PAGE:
Narrator: Fred Berman
Series: Falling Kingdoms #1
Published by Razorbill on December 11th 2012
In the three kingdoms of Mytica, magic has long been forgotten. And while hard-won peace has reigned for centuries, a deadly unrest now simmers below the surface.
As the rulers of each kingdom grapple for power, the lives of their subjects are brutally transformed... and four key players, royals and rebels alike, find their fates forever intertwined. Cleo, Jonas, Lucia, and Magnus are caught in a dizzying world of treacherous betrayals, shocking murders, secret alliances, and even unforeseen love.
The only outcome that's certain is that kingdoms will fall. Who will emerge triumphant when all they know has collapsed?
It's the eve of war.... Choose your side.
Princess: Raised in pampered luxury, Cleo must now embark on a rough and treacherous journey into enemy territory in search of magic long thought extinct.
Rebel: Jonas, enraged at injustice, lashes out against the forces of oppression that have kept his country cruelly impoverished. To his shock, he finds himself the leader of a people's revolution centuries in the making.
Sorceress: Lucia, adopted at birth into the royal family, discovers the truth about her past—and the supernatural legacy she is destined to wield.
Heir: Bred for aggression and trained to conquer, firstborn son Magnus begins to realize that the heart can be more lethal than the sword....
Where to start? I don’t even know. This book was kind of -blah- for me. For so many reasons.
Falling Kingdoms felt like one massive prologue.
I get the definite sense that the actually interesting plot bits are still TBD. The crux of the plot in Falling Kingdoms is basically the idea that one stupid, awful thing leads to a ridiculous snowball effect. And maybe it’s potentially realistic? But it didn’t really feel REAL. It kind of felt like the author had a Point A and a Point B and drew a scribble in between to figure out how to motivate the next steps. It was a fairly logical scribble, but it felt like it was a little bit forced, in a way. Too many things just happened to go one way or the other. And so much of it was motivated by characters doing stupid senseless things rather than having any real motive.
And really, the stage is decently set for potentially interesting things to happen in the future. I like the potential I see for future books. But I almost feel like this entire book should have just been summarized in backstory rather than being a whole book.
There were WAY too many “main” characters. And POV changes.
There were at least 4 main characters who had their own POVs at some point in this book. And for the most part I didn’t struggle with the changes too much, but at the beginning? I was hella confused. And honestly? The individual characters’ voices weren’t strong enough to stand on their own. Everybody kind of had the same -blah- voice.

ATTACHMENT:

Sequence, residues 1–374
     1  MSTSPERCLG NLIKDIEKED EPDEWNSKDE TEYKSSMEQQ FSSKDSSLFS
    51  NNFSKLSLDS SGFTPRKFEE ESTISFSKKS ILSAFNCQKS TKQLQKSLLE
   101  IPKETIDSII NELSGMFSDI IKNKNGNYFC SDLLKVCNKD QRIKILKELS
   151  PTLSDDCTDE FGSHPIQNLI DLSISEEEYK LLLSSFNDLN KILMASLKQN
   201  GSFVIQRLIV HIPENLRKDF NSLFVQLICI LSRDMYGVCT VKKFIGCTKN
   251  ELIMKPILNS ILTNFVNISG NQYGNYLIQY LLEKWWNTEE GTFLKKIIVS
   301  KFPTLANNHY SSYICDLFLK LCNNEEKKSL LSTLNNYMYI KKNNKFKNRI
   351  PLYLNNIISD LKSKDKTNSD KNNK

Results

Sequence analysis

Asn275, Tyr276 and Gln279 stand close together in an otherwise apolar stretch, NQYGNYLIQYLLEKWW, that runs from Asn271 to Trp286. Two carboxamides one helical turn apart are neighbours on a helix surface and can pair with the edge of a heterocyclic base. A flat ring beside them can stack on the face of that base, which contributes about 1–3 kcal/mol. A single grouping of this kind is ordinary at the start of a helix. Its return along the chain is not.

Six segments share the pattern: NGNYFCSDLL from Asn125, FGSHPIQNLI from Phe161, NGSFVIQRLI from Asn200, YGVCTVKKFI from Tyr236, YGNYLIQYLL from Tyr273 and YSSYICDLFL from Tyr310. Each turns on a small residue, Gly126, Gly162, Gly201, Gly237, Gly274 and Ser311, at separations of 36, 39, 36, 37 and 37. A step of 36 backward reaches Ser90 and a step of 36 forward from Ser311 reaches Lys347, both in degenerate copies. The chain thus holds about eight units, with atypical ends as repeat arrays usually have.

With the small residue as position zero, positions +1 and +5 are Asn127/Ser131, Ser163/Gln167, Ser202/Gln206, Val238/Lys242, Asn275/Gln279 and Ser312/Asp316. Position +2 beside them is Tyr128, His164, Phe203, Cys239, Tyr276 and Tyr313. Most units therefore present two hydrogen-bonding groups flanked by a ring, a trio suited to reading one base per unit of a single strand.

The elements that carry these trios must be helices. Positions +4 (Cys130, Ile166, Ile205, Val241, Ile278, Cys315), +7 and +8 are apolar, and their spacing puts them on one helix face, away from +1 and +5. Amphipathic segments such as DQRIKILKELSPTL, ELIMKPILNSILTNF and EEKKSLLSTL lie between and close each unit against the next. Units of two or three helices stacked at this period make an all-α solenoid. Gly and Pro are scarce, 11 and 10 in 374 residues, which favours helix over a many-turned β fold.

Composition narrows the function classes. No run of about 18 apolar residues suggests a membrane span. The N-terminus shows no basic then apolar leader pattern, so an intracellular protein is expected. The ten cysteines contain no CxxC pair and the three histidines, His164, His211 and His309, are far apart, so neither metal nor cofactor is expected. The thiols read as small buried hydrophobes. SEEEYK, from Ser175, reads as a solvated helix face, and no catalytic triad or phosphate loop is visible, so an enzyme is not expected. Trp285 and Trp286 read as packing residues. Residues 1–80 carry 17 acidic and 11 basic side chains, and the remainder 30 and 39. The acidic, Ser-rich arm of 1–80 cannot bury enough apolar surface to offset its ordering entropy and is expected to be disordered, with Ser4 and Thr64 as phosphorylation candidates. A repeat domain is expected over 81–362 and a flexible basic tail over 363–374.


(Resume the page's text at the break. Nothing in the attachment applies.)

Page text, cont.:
The most frustrating part, however, was when random side characters that we don’t know ANYTHING ABOUT got their own POVs. I get why, but there wasn’t nearly enough fleshed out about them to care. I kind of went “Oh, this person is interested in things. Cute. Back to the main bits please?”
The characters were plagued with a severe lack of intelligence and interestingness.
(Which is totally a word).
Most of the characters were just boring. In their own narrative thoughts, they moped about the same things all the time (which, yes, I completely get, but DEAR GOD MOVE ON).
Cleo, one of the main characters, had a decent amount of potential to be interesting. But she was blindly headstrong (which I don’t ALWAYS mind) and honestly did some really stupid stuff. On top of that, she flipped a switch from completely not believing in magic her whole life to being 100% certain that it exists just because of one story her sister tells her.
And there’s a “twist” at the end that one of the “main” (? — he has his own POV chapters, but is he really a main character? I don’t know) characters actually predicts earlier on. And the side character/leader just goes with the original plan and is shocked when this prediction comes true. I mean, REALLY? Use your BRAINS please?
Really, the most interesting character is the only one that didn’t get any spotlight.
The Worldbuilding barely scratched the surface.
Here’s what I can tell you about the three countries referenced:
- One is lush and green
- One is dying (but makes great wine by some kind of magic)
- One is apparently basically frozen over
They all had basically the same culture. Travel is apparently surprisingly simple. But there are supposedly some (apparently minimal) border restrictions. The kings of the lush green country and the frozen country hate each other because, legend has it, that the goddess of one country effed up the goddess of the other country an incredibly long time ago.
That’s about it.
Some of the Deaths, and ALL of the Love Interests, were completely pointless.
There were an insane amount of deaths. I mean, we’re not talking anything grossly astronomical, but there were deaths that didn’t really even do anything. And then some of the deaths were completely blown out of proportion. “I’m a poor peasant and this rich guy killed my brother” turned into a complete blow-out world-freaking-war. Please — I’m amazed as many people even heard of the affront, let alone cared. But maybe I’m just callous. *shrugs*
There was some kind of almost insta-love thing going on between one of the princesses and her guard. It was weird … I think? It would have been fine, but it was never really developed, so I personally didn’t care. Like, there were absolutely ZERO FEELS there.